Eva Koch

Eva Koch, Stretch (installation view), 1998
Eva Koch, Stretch (installation view), 1998

Eva Koch’s (Lives and works in Copenhagen) public sculptures often take the form of buried elements that surface, suggesting a world or process hidden below the ground. For TRACE she made a video installation based on an experience she had in Bombay. There is a mosque situated on a rocky island that can only be accessed by means of a narrow causeway to the mainland.

Stretch is a video installation first produced in 1998. On a thin line – a narrow causeway extended between sky and sea – human figures walked and walked from left to right. An abrupt cut, and they reversed direction. Their passage was not without risk. Powerful waves were constantly crashing on the mole, sweeping over it and the walkers. Individual features could not be distinguished; they were groups in movement, from which now and again an individual figure detached itself.

They walked and walked and while the energy with which they were moving seemed to tell of a goal at the end, we never saw it. What is behind was lost; we could only guess at what lie ahead. The mole, which was at times visible, at times covered in water, was a transition, a place of passage connecting two places. The mole was also an interval: a gap between here and there.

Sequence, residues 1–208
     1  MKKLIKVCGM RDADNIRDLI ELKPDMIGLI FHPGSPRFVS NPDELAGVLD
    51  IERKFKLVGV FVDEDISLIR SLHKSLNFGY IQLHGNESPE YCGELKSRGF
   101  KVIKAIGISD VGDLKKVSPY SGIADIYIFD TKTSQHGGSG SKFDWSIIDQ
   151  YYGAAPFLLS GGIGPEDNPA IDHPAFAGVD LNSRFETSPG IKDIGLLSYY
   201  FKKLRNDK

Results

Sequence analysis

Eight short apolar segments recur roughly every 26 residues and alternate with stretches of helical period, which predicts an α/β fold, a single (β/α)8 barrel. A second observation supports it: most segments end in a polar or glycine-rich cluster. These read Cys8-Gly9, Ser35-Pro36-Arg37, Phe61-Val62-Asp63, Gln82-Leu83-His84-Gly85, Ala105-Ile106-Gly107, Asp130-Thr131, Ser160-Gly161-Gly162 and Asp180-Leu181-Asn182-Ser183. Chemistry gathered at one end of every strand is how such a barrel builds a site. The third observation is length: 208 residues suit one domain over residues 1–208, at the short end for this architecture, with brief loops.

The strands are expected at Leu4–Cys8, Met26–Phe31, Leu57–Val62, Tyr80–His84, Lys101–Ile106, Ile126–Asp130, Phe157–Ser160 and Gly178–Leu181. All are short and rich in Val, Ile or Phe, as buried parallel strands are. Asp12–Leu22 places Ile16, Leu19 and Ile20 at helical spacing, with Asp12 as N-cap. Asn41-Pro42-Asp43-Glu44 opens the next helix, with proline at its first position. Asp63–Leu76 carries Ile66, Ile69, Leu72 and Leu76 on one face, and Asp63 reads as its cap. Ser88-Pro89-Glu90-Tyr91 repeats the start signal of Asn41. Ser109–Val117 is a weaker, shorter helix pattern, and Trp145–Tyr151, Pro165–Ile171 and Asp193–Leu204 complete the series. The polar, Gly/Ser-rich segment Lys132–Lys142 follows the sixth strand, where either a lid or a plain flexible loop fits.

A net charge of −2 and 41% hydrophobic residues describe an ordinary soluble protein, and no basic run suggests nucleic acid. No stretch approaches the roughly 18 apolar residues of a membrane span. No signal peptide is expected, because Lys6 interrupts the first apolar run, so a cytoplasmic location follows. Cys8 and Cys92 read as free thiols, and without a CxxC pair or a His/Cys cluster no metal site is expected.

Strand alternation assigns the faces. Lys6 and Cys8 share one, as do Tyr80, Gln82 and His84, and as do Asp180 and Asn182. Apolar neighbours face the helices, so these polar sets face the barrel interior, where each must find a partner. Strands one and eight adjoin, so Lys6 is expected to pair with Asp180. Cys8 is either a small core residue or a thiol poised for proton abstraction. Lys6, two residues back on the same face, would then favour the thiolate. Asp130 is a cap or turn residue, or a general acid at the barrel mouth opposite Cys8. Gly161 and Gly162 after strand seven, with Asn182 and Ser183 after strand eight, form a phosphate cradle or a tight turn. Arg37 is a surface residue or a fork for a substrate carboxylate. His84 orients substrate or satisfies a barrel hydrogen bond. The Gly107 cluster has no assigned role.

The sound was a vital part of Stretch (1998). It was artificial noise, with elements that mimed real sounds. It shifted between being synchronous and asynchronous. Suddenly the steps of the walking male figure – which the eye couldn't help but follow because it has separated itself from the others – became audible. For an instant sound and image matched, but then the white noise increased and the synchronicity had gone. There was sound like that of an enormous wave, but it was not the sound of the sea. It was an enormous wave of white noise.

We heard a muttering chorus of voices, but they were not human voices, and they were moving in the opposite direction to the figures whose voices they might be. The deep bass sound gave body to the immaterial video pictures. Sound and image are two abstract elements that our perception automatically tried to link in order to form a meaningful, but actually fictive reality.

Eva Koch at Liverpool Biennial 1999

Stretch, 1998
Video installation 
Courtesy of the artist